Before we begin on this review of Good People starring the lively talents of James Franco and Kate Hudson, I felt I might spend a sentence or two expanding on the process of writing a review of this nature. The Burns’ Protocols if you will. I like to start by ensuring my clothing is loose fitting: perhaps linen, perhaps a kaftan. This is to ensure that blood flow is not restricted and to keep rivulets of fury-sweat to an absolute minimum. I prefer to abstain from drinks and if possible, will keep my itching thumbs away from my phone.I make notes using a pen (fountain for preference but biro if I’ve lost it/not bought ink) also, I may wear my slippers. Through such preparations I try to pay the whole enterprise the maximum of courtesy before the film and I tango till we’re sore. On this occasion, while I did not in any way dislike the film particularly, I feel it only fair to tell you that about halfway through, I did pause it to open a continental lager and do a little ironing. Nothing heavy duty, just a shirt or two.

So then, full disclosure out of the way, let’s crack on.


Franco and Hudson live in squalor in London together. These beautiful Americans are there because his business failed in Chicago during ‘the crash’ and they miscarried. Really though, I suspect they were there rather than give the gig to some English people who play gangsters, coppers or corrupt coppers, exclusively. Maybe the original novel by Marcus Sakey has two Americans in it, I don’t know. I doubt it. Anyway, they are desperate for money and discover their tenant downstairs is dead. Turns out he was a rum sort and had stashed some money in the flat. They, upon discovering this reason that they, struggling as they are, and having always been GOOD PEOPLE, deserve to keep it. Fine. Incidentally, hearing Kate Hudson say the word “quid” is a treat.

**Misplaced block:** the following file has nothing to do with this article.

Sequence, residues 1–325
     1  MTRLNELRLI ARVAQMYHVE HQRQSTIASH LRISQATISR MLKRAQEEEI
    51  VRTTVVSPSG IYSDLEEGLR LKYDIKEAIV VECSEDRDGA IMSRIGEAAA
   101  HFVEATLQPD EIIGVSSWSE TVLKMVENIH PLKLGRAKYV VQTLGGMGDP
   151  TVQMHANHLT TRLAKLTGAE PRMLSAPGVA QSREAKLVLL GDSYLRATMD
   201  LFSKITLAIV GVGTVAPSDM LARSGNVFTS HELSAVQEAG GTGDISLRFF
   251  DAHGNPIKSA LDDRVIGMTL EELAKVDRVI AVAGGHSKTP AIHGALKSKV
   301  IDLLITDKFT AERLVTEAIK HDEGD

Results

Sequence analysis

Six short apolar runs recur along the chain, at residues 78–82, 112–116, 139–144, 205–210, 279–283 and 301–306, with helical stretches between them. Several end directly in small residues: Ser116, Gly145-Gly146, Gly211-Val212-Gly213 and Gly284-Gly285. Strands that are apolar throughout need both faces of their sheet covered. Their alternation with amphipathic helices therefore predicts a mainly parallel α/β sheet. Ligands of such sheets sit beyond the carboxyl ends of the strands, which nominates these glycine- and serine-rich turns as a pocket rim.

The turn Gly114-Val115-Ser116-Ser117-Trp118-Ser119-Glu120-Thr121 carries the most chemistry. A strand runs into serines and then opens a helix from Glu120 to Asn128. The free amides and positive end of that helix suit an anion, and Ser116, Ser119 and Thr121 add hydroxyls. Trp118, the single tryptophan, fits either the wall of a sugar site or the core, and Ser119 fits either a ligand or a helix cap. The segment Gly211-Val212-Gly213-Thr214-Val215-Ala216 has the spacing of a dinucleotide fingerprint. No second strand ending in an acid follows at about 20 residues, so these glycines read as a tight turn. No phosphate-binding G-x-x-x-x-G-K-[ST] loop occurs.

Other people disagree, they come after the money and some mildly sweary, cockney unpleasantness ensues. Tom Wilkinson is there as a vaguely patrician police officer and things trundle along merrily for a while. It was at this point that I first paused and went for a cigarette.

The music in the film is quite something. At times, it is simply the dark tones that Jason Segel complained about in Forgetting Sarah Marshall, but at others it is almost an additional character in the room. Neil Davidge the composer, has done a lovely job. Admittedly on one occasion it reminded me frighteningly of the frantic harpsichord in Van Helsing but I liked that, so to my mind no bad thing.


Meanwhile in the film, it’s all unfolding quite nicely. Franco and Hudson are beginning to twig that taking money from drug dealers doesn’t traditionally end with paying your mortgage off and everybody looks appropriately frantic.

I go and get the iron and open the fridge with a sigh.

This film, as you can probably tell, is absolutely fine. It is a workmanlike and solid thriller with very little to recommend it but very little to denigrate it either. In its defence, the ending started to remind me a little of Home Alone and as a result, I did put my ironing down and decided to forego the pleasure of folding it.

It passed the ninety minutes perfectly pleasantly and my shirts look lovely and smart. A solid, if forgettable, three.


Dir: Henrik Ruben Genz

Scr: Kelly Masterson

Starring: James Franco, Kate Hudson, Tom Wilkinson, Omar Sy, Anna Friel

Prd: Ed Cathell III, Thomas Gammeltoft, Eric Kranzler, Avi Lerner, Tobey Maguire

DOP: Jorgen Johansson

Music: Neil Davidge

Country: UK, USA, Sweden, Denmark

Year: 2015

Run time: 90 mins

Good People is in cinemas from 21 August 2015.